July 30, 2007

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Inequal numbers

China's official statistics are well known to be woeful...John Ganaut reports on how the wealthy (unsurprisingly) hide much of their income and wealth:

PROFESSOR Wang Xiaolu sparked an online uproar two months ago by publishing the results of his "grey economy" study in China's leading business magazine, Caijing.

His survey showed the top 10 per cent of earners were successfully hiding about two-thirds of their income from the National Bureau of Statistics, meaning official estimates of income inequality, gross domestic product and tax evasion are all woefully understated.

That senior government officials studied his work, rather than bury it, shows how the realm of economic policy has been largely protected from the heavy hand of government censorship.

More below the jump...

It probably helps that Wang's National Economic Research Institute is not beholden to its benefactors. "We receive no money from the Government, so I am free to say what I like," Wang says.

Now the economics professor is set to do it all again. This time, instead of identifying the state as the agent of necessary reform, he sees it as the object of reform.

He believes the glaring contradiction between China's lean, free-market capitalism and its inflating, closed and corruptable government is about to become the country's central economic challenge.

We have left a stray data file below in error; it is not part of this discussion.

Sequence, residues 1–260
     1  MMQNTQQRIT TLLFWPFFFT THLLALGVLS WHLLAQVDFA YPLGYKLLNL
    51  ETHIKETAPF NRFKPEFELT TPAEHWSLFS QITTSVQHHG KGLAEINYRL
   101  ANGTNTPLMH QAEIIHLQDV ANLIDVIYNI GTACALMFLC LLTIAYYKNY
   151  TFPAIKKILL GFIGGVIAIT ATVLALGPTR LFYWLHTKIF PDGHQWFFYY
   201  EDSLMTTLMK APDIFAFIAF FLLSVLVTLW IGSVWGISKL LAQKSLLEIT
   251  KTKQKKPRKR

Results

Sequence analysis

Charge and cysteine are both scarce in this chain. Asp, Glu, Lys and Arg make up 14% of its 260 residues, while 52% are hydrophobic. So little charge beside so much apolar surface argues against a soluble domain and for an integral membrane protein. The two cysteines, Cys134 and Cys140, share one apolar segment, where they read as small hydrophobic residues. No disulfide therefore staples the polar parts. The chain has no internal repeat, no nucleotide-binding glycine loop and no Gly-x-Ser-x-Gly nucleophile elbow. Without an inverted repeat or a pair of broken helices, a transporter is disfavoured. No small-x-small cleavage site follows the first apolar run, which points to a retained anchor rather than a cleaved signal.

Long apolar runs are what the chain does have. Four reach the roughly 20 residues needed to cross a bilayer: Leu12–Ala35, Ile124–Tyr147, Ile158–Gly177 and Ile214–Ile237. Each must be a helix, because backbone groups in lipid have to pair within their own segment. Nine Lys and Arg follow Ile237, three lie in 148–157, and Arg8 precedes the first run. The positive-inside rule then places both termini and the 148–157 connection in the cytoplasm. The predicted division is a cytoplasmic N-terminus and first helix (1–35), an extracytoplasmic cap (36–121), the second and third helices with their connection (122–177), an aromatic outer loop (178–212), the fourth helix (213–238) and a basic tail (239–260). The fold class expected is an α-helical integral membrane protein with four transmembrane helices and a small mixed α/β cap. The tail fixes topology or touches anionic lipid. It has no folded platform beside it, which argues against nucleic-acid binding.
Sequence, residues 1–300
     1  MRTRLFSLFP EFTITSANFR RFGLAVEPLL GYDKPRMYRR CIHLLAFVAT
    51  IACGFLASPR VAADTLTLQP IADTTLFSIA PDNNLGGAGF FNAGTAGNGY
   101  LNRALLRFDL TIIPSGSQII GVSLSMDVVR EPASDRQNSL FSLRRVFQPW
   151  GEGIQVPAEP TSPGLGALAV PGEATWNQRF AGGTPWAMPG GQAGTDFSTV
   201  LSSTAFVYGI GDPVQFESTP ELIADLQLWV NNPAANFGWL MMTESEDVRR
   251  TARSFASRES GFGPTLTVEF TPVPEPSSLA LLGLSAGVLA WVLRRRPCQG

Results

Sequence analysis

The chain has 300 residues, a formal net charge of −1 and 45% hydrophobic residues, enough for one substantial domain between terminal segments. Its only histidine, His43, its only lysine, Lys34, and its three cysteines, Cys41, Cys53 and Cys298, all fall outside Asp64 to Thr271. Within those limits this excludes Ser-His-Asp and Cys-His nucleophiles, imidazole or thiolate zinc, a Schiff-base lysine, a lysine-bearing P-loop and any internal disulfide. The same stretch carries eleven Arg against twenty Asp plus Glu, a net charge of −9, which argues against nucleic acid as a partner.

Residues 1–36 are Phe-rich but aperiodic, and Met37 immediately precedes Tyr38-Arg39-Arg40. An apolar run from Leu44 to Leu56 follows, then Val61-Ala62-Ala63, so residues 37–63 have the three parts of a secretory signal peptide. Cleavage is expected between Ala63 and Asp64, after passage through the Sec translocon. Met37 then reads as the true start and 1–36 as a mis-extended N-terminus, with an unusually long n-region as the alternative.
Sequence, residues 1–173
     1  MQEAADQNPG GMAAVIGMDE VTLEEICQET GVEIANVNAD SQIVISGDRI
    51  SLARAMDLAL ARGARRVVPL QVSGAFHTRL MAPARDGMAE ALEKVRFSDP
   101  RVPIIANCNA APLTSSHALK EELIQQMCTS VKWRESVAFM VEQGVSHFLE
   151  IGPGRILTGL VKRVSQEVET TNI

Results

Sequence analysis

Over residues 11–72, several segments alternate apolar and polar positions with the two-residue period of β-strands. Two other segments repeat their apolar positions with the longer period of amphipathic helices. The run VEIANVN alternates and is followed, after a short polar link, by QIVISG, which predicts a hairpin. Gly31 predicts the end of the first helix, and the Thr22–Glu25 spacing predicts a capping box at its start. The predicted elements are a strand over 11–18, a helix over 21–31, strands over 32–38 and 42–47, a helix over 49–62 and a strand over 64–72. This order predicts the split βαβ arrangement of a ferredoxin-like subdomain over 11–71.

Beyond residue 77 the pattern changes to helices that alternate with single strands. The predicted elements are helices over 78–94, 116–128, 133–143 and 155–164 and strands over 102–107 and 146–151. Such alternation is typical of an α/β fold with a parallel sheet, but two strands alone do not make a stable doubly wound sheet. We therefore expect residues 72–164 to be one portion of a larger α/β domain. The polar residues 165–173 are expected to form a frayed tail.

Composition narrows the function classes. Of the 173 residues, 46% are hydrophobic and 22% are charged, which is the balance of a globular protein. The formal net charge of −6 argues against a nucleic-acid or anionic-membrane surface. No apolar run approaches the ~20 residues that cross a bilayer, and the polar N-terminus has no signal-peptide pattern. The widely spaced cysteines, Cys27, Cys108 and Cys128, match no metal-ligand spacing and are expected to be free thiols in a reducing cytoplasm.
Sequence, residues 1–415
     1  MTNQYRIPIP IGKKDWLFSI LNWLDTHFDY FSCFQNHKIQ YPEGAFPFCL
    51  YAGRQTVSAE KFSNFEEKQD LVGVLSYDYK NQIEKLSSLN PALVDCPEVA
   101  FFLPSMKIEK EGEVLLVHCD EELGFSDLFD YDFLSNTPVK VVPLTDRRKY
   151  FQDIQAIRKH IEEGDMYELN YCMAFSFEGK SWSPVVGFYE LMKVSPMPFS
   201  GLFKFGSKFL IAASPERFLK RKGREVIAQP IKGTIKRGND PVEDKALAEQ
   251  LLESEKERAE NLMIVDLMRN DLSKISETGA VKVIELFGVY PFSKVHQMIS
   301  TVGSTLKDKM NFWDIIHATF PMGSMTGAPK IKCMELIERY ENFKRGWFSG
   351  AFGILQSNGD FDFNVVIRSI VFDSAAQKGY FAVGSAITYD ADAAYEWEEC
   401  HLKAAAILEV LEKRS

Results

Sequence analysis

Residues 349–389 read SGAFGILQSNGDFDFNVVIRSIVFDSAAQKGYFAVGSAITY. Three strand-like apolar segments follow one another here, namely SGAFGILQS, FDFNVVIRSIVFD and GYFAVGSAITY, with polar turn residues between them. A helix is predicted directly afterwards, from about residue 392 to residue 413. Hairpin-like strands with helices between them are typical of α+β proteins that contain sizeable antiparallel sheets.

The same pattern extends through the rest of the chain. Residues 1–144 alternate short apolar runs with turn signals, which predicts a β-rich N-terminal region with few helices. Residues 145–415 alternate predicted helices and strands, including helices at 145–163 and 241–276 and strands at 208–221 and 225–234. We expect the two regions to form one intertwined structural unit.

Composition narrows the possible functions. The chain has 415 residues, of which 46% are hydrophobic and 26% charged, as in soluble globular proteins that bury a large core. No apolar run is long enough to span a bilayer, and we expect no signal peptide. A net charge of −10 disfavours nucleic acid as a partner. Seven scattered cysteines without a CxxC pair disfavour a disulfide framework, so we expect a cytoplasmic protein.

Wang's economics training was practical, if not conventional. His formal education ended in 1966 when Beijing was up-ended by the euphoric madness of Mao Zedong's cultural revolution. When he should have been finishing Year 8, he was went to farm corn and sorghum at a village called Xiaoxiangzhai in a poor crevice of Shanxi province, in China's mid-west.

When he should have been at university, Wang worked at a Shanxi bauxite mine, then an aluminium smelter and an electronic motor factory in Beijing.

He says he was happy enough learning about economics in his country exile by reading Karl Marx, Friedrich Engels and some contraband works of Nobel laureate Paul Samuelson.

As a peasant, Wang wasn't as useless by the time he left as when he arrived, he says, but Mao could probably have put his talents to better use.

In his new paper, jointly written with Professor Fan Gang, a People's Bank of China monetary policy committee member, and PhD candidate Liu Peng, Wang calculates that Chinese productivity rose by just 0.74 per cent a year under Mao.

In 1976 Mao died, as did the Cultural Revolution. Deng Xiaoping soon won control of the Communist Party and Wang was invited into the new Chinese Academy of Social Sciences. He had never studied in senior high school, but neither had most other job applicants his age.